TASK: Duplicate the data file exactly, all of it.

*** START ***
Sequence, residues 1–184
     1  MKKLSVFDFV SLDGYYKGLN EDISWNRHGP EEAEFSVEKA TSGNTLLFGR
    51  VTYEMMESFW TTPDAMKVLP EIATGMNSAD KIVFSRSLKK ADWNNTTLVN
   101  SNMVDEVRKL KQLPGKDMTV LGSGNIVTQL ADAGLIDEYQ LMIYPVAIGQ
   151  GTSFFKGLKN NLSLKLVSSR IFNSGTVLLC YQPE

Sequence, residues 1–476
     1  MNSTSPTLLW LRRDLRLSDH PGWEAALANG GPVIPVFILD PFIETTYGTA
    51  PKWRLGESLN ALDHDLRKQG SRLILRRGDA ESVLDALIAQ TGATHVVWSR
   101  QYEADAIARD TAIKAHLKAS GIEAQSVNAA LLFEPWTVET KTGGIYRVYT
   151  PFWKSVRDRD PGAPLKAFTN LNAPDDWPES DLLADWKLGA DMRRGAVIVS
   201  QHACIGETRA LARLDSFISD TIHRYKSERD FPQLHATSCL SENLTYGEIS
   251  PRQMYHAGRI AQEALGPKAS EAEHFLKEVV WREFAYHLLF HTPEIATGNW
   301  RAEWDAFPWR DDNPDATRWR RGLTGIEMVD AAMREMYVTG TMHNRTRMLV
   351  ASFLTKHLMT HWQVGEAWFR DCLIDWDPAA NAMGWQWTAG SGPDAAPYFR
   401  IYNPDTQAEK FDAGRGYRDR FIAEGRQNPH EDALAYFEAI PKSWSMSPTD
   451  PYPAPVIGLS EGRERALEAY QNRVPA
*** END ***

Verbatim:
Sequence, residues 1–184
     1  MKKLSVFDFV SLDGYYKGLN EDISWNRHGP EEAEFSVEKA TSGNTLLFGR
    51  VTYEMMESFW TTPDAMKVLP EIATGMNSAD KIVFSRSLKK ADWNNTTLVN
   101  SNMVDEVRKL KQLPGKDMTV LGSGNIVTQL ADAGLIDEYQ LMIYPVAIGQ
   151  GTSFFKGLKN NLSLKLVSSR IFNSGTVLLC YQPE

Sequence, residues 1–476
     1  MNSTSPTLLW LRRDLRLSDH PGWEAALANG GPVIPVFILD PFIETTYGTA
    51  PKWRLGESLN ALDHDLRKQG SRLILRRGDA ESVLDALIAQ TGATHVVWSR
   101  QYEADAIARD TAIKAHLKAS GIEAQSVNAA LLFEPWTVET KTGGIYRVYT
   151  PFWKSVRDRD PGAPLKAFTN LNAPDDWPES DLLADWKLGA DMRRGAVIVS
   201  QHACIGETRA LARLDSFISD TIHRYKSERD FPQLHATSCL SENLTYGEIS
   251  PRQMYHAGRI AQEALGPKAS EAEHFLKEVV WREFAYHLLF HTPEIATGNW
   301  RAEWDAFPWR DDNPDATRWR RGLTGIEMVD AAMREMYVTG TMHNRTRMLV
   351  ASFLTKHLMT HWQVGEAWFR DCLIDWDPAA NAMGWQWTAG SGPDAAPYFR
   401  IYNPDTQAEK FDAGRGYRDR FIAEGRQNPH EDALAYFEAI PKSWSMSPTD
   451  PYPAPVIGLS EGRERALEAY QNRVPA